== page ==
“The Austrian health system is relatively costly. Around US$5 138 was spent on health per capita in 2015 (adjusted for differences in purchasing power), about US$1 800 more than the EU average. Health expenditure in Austria is also high relative to GDP (10.2% of GDP in 2015), which is considerably above the EU average (8.7%). More than 75% of total current health expenditure is financed from public sources. About 18% of expenditure is out-of-pocket (OOP) payments, which is above the EU average (15%), while voluntary health insurance (VHI) only plays a minor role in the system. Average growth rates of health expenditure have been constantly higher than GDP growth rates in recent years, which is currently tackled by caps on federal, sectoral and state (Länder) health budgets as part of health care reform.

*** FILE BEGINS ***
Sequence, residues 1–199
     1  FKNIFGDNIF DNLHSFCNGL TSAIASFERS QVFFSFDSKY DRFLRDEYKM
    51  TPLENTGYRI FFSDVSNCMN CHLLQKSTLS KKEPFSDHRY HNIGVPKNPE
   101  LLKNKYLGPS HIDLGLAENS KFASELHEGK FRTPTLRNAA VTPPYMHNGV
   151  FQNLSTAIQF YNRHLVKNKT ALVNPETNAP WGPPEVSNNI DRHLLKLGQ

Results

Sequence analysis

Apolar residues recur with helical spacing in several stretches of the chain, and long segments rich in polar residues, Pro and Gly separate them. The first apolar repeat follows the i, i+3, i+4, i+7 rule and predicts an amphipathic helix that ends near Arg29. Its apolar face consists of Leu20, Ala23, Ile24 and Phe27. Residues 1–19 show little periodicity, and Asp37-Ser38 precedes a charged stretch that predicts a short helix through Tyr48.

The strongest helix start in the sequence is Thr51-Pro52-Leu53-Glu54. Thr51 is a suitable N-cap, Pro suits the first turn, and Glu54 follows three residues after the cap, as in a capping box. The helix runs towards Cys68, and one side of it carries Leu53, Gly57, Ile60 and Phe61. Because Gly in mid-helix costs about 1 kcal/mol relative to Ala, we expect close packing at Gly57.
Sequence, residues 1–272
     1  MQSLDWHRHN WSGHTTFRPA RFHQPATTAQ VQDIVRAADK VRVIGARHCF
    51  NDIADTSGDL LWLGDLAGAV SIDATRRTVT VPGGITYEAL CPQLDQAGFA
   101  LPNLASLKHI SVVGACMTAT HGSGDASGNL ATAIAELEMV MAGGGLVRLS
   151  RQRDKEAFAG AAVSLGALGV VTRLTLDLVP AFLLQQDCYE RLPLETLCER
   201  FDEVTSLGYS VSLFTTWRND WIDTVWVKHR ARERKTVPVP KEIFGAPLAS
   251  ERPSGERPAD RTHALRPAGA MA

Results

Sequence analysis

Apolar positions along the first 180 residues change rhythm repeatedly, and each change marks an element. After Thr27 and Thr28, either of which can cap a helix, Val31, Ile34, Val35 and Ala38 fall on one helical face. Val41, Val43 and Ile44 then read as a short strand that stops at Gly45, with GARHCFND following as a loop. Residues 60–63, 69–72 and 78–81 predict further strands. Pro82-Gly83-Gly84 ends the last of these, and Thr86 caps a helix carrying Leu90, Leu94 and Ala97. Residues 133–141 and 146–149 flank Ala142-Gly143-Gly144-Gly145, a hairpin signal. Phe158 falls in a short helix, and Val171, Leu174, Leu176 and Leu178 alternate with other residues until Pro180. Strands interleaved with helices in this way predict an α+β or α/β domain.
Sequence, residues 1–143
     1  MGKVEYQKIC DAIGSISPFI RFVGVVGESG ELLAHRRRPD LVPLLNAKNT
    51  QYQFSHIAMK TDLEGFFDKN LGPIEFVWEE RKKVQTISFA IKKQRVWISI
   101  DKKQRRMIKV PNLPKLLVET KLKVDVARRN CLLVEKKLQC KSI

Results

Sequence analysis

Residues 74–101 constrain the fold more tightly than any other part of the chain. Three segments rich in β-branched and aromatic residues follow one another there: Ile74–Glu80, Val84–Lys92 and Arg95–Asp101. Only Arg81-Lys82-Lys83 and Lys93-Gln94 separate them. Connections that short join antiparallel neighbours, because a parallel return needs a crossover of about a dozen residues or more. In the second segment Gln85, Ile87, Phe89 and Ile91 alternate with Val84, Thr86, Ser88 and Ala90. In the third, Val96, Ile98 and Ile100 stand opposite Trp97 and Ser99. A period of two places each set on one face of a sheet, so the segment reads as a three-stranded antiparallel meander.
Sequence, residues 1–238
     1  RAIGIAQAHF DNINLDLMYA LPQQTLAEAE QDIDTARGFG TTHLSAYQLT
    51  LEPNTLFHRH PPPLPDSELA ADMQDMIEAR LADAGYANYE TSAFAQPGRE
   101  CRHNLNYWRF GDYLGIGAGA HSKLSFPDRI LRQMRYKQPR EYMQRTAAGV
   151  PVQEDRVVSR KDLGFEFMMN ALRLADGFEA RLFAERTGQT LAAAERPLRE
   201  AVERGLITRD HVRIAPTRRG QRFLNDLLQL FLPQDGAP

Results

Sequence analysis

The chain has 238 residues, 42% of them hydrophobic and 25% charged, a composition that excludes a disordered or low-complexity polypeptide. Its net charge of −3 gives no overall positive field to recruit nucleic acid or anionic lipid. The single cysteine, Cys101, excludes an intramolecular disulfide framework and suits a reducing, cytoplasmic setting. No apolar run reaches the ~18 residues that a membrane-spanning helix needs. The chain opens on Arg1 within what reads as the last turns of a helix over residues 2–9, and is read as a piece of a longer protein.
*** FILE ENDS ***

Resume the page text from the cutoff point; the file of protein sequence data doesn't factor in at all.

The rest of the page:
“The health system is financed by a mix of general tax revenues and compulsory social health insurance (SHI) contributions. Income-related SHI contributions accounted for about 60% of publicly financed health expenditures, while the remaining 40% come from general taxation, including value-added tax (VAT), income tax and tobacco tax, which are collected at federal level. SHI has nearly universal coverage (99.9%). There is no competition between SHI funds as the insured are assigned by type or place of employment.”
Source: Bachner F, Bobek J, Habimana K, Ladurner J, Lepuschütz L, Ostermann H, Rainer L, Schmidt A E, Zuba M, Quentin W, Winkelmann J. Austria: Health system review. Health Systems in Transition, 2018; 20(3): 1 – 256. http://www.euro.who.int/en/about-us/partners/observatory/publications/health-system-reviews-hits/full-list-of-country-hits/austria-hit-2018